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3 strategies for combating nurse burnout during and after the pandemic

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As published by HealthLeaders, December 23, 2020.

 

Renee Cecil was recently interviewed by Son Hoang, nursing editor of HealthLeaders, to discuss the issue of nurse burnout which has increased dramatically due to the pandemic. Below, we share an excerpt from the article and a link to the full article.

 

As frontline nurses continue to care for the growing number of COVID-19 patients, enact strategies to reduce their risk of burning out. 

 

KEY TAKEAWAYS

  • Identify and support nurse leaders who, in turn, will proactively address the contributing factors to nurse burnout.
  • Involve frontline nurses in decision-making to help with engagement and adoption of new processes.

 

Prior to the COVID-19 pandemic, nurses were already facing a high burnout rate—with nearly four out of 10 nurses reporting they felt burned out—possibly due to long hours, increased workloads, weak work cultures, fragmented communication from leadership, and the emotional toll from caring for significantly ill patients.

 

Then nurses stepped up when the pandemic hit, putting their own fears and exhaustion aside, as well as the needs of their families, to prioritize the needs of their patients, which is an approach that is not sustainable for the long-term, says Renee Cecil, DNP, RN, CEN, TCRN, SANE, NREMT, senior consultant for Philips Healthcare Transformation Services.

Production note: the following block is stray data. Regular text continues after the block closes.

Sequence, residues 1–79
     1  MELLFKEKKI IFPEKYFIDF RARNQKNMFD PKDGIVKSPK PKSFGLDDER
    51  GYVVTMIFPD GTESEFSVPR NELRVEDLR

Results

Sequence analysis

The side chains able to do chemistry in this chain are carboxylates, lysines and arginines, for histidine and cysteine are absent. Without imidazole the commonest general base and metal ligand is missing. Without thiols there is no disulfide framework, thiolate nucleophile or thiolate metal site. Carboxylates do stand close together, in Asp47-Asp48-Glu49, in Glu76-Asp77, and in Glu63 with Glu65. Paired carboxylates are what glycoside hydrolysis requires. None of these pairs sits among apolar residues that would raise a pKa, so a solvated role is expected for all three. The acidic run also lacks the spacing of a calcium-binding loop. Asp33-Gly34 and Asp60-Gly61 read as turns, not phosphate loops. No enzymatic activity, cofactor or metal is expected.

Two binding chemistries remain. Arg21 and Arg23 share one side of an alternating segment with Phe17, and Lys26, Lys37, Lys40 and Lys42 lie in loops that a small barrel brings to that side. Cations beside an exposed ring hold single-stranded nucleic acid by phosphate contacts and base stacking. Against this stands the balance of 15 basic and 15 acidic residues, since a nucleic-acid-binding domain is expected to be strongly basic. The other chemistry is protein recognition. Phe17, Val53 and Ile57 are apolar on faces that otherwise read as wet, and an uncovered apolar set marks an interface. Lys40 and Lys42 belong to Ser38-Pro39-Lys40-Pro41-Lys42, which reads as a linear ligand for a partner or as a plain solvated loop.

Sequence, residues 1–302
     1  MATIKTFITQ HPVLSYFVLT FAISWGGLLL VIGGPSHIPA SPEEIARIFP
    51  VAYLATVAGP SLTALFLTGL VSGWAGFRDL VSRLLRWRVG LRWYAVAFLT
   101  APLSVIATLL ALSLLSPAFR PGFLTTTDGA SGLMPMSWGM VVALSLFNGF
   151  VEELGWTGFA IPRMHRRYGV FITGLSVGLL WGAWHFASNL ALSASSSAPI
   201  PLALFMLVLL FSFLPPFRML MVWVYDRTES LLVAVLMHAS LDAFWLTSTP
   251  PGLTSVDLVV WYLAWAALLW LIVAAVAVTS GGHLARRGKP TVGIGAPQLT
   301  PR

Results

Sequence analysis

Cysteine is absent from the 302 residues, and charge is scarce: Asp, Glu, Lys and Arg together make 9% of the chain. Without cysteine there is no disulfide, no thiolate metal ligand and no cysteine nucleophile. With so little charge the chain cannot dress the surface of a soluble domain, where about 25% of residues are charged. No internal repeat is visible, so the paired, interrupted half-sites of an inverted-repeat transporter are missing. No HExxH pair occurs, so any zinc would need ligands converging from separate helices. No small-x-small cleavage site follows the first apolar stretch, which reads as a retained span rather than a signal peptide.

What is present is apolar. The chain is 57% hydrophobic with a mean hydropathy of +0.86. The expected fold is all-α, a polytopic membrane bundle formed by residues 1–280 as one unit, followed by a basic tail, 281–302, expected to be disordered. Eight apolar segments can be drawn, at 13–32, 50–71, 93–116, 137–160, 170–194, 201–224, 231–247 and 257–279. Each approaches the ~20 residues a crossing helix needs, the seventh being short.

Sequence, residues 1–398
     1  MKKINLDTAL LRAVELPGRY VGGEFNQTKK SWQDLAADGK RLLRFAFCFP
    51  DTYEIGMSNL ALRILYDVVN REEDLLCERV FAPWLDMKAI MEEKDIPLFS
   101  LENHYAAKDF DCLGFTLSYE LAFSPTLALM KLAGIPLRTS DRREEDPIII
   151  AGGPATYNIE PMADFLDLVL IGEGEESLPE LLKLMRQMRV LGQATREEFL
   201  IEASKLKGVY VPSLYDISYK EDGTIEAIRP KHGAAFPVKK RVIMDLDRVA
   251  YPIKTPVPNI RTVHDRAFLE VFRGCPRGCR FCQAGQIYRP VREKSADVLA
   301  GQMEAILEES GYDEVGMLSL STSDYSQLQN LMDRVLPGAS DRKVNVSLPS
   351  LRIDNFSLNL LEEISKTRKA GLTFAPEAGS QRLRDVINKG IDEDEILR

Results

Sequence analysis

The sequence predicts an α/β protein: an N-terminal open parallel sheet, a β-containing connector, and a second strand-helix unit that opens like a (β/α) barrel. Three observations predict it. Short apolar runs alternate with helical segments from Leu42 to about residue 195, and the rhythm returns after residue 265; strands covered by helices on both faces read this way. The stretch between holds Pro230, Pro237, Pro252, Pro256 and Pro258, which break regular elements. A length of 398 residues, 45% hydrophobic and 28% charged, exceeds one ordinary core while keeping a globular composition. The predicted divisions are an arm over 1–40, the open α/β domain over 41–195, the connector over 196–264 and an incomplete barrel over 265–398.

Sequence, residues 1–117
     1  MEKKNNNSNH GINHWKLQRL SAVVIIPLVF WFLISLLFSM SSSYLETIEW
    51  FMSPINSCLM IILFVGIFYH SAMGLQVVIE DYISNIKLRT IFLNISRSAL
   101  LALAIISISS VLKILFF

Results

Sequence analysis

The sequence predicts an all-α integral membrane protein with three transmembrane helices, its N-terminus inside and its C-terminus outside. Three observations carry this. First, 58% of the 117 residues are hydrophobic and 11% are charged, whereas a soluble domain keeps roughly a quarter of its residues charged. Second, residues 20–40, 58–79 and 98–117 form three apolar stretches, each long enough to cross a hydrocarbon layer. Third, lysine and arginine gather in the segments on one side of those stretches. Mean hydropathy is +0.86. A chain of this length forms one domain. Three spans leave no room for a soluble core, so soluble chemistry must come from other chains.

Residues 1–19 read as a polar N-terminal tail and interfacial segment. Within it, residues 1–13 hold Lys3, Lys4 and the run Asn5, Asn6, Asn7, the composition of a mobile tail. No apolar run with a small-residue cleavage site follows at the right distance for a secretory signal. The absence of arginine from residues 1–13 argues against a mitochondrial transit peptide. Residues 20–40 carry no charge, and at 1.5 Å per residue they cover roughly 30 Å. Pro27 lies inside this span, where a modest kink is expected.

"Faced with the overwhelming emotional and physical turmoil of the pandemic, these feelings of burnout are compounded among our frontline nurses and those in nurse leadership roles to the point of trauma," says Cecil.

 

Staffing issues also intensify nurse burnout, she adds. Before the pandemic, departments were already struggling with staff shortages. In fact, according to an article published in 2018 in the American Journal of Medical Quality, the country is forecasted to have a shortage of more than half a million registered nurses by 2030. Now, as the pandemic stretches on, a growing number of nurses are being exposed to the virus, requiring time away from work to quarantine. 

 

Read the full article by HealthLeaders at 3 strategies for combating nurse burnout during and after the pandemic. 

 

Renee’s input was also leveraged in an article by The Oncology Nurse, read it here.

About the author

Chris Comeau

Renee Cecil, DNP, RN, CEN, TCRN, SANE, NREMT

Senior Consultant

Renee brings vast clinical and leadership experience, working in community hospitals, academic trauma centers, critical care, helicopter EMS services, and at a large healthcare system. She focuses on staff recognition and engagement, decreasing turnover, implementing team nursing, and improving collaboration between EMS and the ED team. She has helped implement process changes that have positively impacted patient and staff satisfaction, reduced wait times, and improved throughput.

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